• Thanks Mel. Lucky that there is some loveliness in it..(as she looks around at her untidy bedroom with all of her scarves out for sorting…problem is they have been there for a week…) Wish I had a virtual cake machine to send you a slice. 😁

  2. Words of wisdom, Cheer. Food teaches us a lot. Consider the humble potato 🙂 But truly I think the deep pink color of the rhubarb is very fetching against the flirty macaroon topping! It is a sensuous treat.

    • Thanks LM, it was a ‘bad bake day’ and a messy mind day. But the rhubarb is very pretty but that coconut plays havoc with the camera lense. Ah yes, the humble potato…not the prettiest but one of the most useful and delicous! ☺️

  3. I can’t believe you almost didn’t post this……it’s the first one that’s actually given me hope that I might reproduce it (in some form anyway). Also, quite nice to know you’re a real human and not just BAKING GODDESS that never feels frustration in your efforts. Also, even without the food or the pix here, your writing is sublime! Definitely worth a post!

    • Thanks PR! You are always so encouraging. Just trying to keep it real, there certainly are failures amongst the successes, trust me. And so much of the food we eat I would struggle to photograph to make it look half decent! Have a great rest of your weekend. 😊

  4. troppodon

    So what is a replacement for the coconut?????

    Donald Alexander,PhD, LLB (Otago), MA -Communication-Organisational Communication (Charles Sturt), Senior Lecturer, Public Relations and Organisational Communication, Postgraduate Course Coordinator, School of Communication and Creative Industries, Charles Sturt University, Bathurst
    02 6338 4031 0405 125 378 dalexander@csu.edu.au

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  5. I just have to say the close up of the square is positively voluptuously erotic in a foodie kind of way. Rhubarb, OMG. Rhubarb anything is wonderful. I think the last thing I made of yours was the rhubarb almond concoction which everyone in the house loved. This one I’d have to myself as no one but me likes coconut. Dangerous. Very dangerous. And yes life and baking is messy but if everyone’s happy with the end result, that’s what it’s all about.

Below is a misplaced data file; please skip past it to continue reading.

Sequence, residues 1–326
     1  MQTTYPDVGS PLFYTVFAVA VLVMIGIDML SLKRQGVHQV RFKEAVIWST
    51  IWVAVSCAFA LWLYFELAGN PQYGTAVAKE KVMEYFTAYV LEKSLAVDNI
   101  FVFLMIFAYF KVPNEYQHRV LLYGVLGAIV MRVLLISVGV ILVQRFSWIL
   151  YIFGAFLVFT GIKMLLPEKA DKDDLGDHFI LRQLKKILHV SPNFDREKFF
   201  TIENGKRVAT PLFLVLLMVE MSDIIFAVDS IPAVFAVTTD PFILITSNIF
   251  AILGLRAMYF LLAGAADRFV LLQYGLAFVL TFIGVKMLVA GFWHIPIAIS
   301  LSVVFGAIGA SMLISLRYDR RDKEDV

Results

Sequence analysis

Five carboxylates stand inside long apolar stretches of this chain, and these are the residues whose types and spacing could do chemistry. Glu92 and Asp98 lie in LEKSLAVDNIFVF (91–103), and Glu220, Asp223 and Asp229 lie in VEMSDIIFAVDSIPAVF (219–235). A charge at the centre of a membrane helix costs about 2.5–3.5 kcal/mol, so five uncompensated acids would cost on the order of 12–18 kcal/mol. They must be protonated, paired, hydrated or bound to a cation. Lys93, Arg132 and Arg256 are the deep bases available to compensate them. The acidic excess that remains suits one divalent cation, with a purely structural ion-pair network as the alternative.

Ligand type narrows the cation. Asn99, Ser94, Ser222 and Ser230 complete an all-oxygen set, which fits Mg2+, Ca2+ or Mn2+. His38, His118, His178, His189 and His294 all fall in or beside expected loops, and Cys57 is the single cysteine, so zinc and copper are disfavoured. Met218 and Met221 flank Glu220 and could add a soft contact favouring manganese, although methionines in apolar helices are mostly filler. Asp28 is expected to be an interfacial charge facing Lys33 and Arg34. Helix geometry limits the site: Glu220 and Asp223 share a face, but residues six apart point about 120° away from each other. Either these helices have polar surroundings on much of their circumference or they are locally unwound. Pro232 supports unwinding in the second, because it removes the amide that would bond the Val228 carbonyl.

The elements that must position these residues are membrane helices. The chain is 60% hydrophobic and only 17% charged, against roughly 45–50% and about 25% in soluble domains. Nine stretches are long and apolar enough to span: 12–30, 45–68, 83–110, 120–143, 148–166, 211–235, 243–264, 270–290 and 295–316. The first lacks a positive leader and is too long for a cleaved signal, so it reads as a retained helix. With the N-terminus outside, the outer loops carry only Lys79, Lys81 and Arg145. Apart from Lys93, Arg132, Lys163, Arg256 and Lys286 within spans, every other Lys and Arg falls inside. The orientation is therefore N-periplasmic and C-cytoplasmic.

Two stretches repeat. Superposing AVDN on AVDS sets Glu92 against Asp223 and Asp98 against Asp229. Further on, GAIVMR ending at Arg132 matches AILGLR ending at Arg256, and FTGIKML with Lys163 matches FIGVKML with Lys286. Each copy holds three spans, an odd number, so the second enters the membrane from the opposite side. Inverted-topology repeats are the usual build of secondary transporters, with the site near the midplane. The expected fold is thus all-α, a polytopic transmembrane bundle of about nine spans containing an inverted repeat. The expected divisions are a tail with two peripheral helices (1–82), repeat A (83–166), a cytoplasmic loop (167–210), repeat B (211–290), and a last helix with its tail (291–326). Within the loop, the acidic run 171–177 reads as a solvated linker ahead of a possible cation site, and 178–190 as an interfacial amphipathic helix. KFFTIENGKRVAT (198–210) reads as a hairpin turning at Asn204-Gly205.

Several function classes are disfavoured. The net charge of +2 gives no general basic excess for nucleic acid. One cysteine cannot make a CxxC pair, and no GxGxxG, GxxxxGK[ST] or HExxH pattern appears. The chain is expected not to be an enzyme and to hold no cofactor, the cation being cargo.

• For us rhubarb lovers, it does certainly say ‘come hither’, in a tousled kind of way. He he, love your imagery! You could do a crumble type topping with oats, butter, flour and sugar on top instead?

  6. Ah, that magic moment when you decided to keep going ( and not bin it) Just as well you did- the photos are rather beautiful and its a great recipe. No wonder the Yak is happy. I related so well to your story- ‘disarray abounds’ could be the title for my blog!

  7. Those colours are so good together, the golds with pale pinks (your rhubarb is thee most striking colour, BTW). And I bet these tasted great. Call me cynical, but I tend to be suspicious of food that looks too perfect. Guess growing up on a farm might have something to do with it.

    • Thanks JH. It tasted darn nice, yes indeedy. Just a bit of a palaver. My mum grew up on an orchard and I really get your point about ‘perfect’ looking food and what it took to get it to that point. In the end, taste and providence is key for me too.

  8. These actually look really wonderful cheergerm… love how the colour of the rhubarb is showing through, can almost taste the sticky, sweetness of the jammy inside. Real life always gets a bit (or a lot…) messy. I posted a photo on the G&G FB page only a week or so ago with a Black Forest Roulade that refused to behave. Luckily for the family it tasted wonderful, but wasn’t so sure about posted a recipe which would entice others to make a cake that cracks and has sides that fall away within minutes of rolling it up. :o/ Happy to work on finding a solution to the problem though…

    • Thanks, it was delicious so I guess that is pretty darned important, Totally agree, sometimes it’s a on the verge..to post or not to post. I think that perfecting the technique of that roulade sounds like a
      very tough job. If I lived closer I would be happy to be your guinea pig. (Although my ever expanding waistline may not…) (just another messy part of life….😁)